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Student Life

First-Gen Students Find a Home at AU

Faculty, staff, and students celebrate and share.

By Patty Housman

First Gen panelists on talking stage

First generation voices matter at American University.

That was the message AU Literature Professorial Lecturer Melissa Scholes Young delivered to an audience of students, faculty, and staff at the Katzen Arts Center, in an event hosted by the College of Arts and Sciences.

The term “First-Generation” in this context refers to people who are the first in their family to attend college. At AU, more than 11 percent of current students identify themselves as first-generation, and their numbers are growing—doubling since 2010. Many face language, cultural, financial, and other potential barriers to completing their college educations and succeeding in life—a situation that AU, like many universities, is trying hard to change.

Scholes Young, a former first-generation student herself, told the audience that first-gen students are a real asset on campus. “We know how to be flexible. We know how to bounce back. We know how to keep knocking on doors until someone opens one,” she said. “We know how to take risks and dream really big.”

A New World
When Scholes Young arrived at American University more than 20 years ago, she didn’t really even know that she was a first-generation student. Like many students, she couldn’t define the term. She didn’t know that she had to buy her own books, and she had never heard of a registrar or a bursar. She was dropped off at college two days earlier than her peers. 

“I had to learn the hard way how to do college,” she said.

But Scholes Young, whose family instilled in her a strong work ethic and drive to succeed, would not only graduate from college, but also earn a master’s degree in education and an MFA in creative writing. Her work has been published in the Washington Post, Poets and Writers, Ploughshares, and many other literary journals. Her upcoming novel, Flood, will be published by Hachette, and her latest article, "Navigating Campus Together," focuses on first-generation students and was recently published in The Atlantic.

What First-Gen Students Need
Scholes Young discussed the challenges of being a first-generation student. First-gens can feel overly grateful. They might hesitate to ask for help. They might not take advantage of office hours and other student resources. They might try to do everything by themselves or experience imposter syndrome. And sometimes they might simply not know how things work, from how to annotate an article or find work-study opportunities on campus.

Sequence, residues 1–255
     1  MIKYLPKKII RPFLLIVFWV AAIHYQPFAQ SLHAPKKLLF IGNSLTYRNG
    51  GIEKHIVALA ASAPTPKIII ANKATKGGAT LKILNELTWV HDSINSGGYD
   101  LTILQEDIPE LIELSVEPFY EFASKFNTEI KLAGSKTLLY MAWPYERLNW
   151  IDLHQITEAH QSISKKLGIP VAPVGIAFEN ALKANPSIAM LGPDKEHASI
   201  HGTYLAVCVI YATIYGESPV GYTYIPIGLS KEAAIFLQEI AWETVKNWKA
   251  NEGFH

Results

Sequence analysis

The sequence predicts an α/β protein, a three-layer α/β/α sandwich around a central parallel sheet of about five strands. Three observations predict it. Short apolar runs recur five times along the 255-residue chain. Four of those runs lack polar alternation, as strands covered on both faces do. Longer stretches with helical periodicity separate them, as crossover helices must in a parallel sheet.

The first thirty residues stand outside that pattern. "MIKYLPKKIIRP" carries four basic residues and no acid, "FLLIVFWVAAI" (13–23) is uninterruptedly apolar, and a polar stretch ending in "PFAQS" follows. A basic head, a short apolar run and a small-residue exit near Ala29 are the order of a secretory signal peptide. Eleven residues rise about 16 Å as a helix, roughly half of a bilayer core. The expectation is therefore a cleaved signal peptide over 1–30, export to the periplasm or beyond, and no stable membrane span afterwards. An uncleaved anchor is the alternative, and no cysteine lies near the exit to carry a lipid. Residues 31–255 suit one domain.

Scholes Young also pointed out what first-gen students need—and what universities can do to help them succeed. “We need to find out who our [first-gen] students are and think about them as whole students, from matriculation to graduation,” she said. “We need to value what the first-gen students bring to our campus. And we need to listen to who they are, rather than just tell them where they can go for help.”

Student First-Gens Weigh In
After Scholes Young spoke, she sat down on stage with a first-gen student panel that included Guillermo Creamer (SIS ’16), Sarah McKinley (CAS ’18), Heaven Lee Sensky, (SPA’18), and Camille Clark, coordinator of multicultural and first-generation college outreach at AU’s Center for Diversity & Inclusion. 

The panel was moderated by Celine-Marie Pascale, associate dean for undergraduate studies, once a first-gen student herself. The panel started with the game “two truths and a lie,” which gave them an opportunity to share highlights and lowlights of their first-gen experiences. They then opened the conversation to the floor to hear reactions and insights from the audience.

Pascale urged first-gen students to be proud of their stories. “You’re here, you’re welcome here, you deserve to be here,” she said. “Your story has a unique quality to it that has enabled you to be become exactly the person you are.”

Clark added that her door is always open to first-gen students. “Know that you have the Center for Diversity & Inclusion in your corner,” she said. “My job is first-gens, and I am more than happy to talk with you to get your story—I love to get stories. But really, I am here to help you to walk through this process.”